When I think back to that year, the lasting impression I have is how flat it was. I was apathetic, and that was certainly never something I had been before.
The world seemed to be going mad. I felt terrible for feeling terrible when people were facing life-or-death situations and there was a new tragedy every few days. What was my problem? My education seemed worthless, but it was an excellent education. I had a job – who cared if it was unfulfilling? (Was anyone really fulfilled by their work?) I had my family and a loving home and friends.
It was a reunion with some girls I had known from university that made me force a change. These girls – women, really – had all acquired a year’s experience in the industry I longed to work in. Not one of them had a position that I had envied one year previously, yet they were opportunities I wish I had now had.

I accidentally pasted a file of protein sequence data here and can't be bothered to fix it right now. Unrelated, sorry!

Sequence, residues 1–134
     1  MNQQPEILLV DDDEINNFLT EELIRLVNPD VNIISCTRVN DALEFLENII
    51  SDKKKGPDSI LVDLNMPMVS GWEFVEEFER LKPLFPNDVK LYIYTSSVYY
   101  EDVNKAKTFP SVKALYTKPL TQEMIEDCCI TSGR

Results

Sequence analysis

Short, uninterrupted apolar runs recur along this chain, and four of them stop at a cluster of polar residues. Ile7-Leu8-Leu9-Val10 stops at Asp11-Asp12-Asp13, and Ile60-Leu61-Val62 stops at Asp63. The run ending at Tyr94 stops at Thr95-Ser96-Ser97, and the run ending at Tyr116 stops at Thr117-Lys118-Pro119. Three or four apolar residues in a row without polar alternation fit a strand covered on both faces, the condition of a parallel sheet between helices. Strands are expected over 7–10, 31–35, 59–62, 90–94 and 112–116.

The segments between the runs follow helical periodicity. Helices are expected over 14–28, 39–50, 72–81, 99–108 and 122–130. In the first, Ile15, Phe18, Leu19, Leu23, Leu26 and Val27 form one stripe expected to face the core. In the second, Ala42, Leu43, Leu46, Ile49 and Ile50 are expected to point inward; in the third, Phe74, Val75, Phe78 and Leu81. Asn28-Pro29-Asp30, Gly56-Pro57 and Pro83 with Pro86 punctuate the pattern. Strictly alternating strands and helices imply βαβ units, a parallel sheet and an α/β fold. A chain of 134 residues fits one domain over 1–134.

The year had gone at once fast and slow, and – for me – nothing had changed. Someone said not to worry about the career, because I was probably doing well in other ways – me, the last single girl, still living with her parents. I had failed in every way. When the reunion was called off, I was actually relieved.
It is strange, or perhaps entirely expected, that I had one of the best experiences of my life against this grey background. Maybe my dreary day-to-day exaggerated its vibrancy: one month spent travelling, seeing places I never dreamed I would be able to see and doing things I never knew I wanted to do. It was the most alive I had ever felt. Most of us enjoy holidays, but to find such delight, almost belonging, in the complete vacation of your life? That’s reserved for those of us who are unhappy.
I was disillusioned, and thought I must finally be a grown-up.
It is amazing how bad things can feel when you’re living them, and how quickly you forget once the moment passes.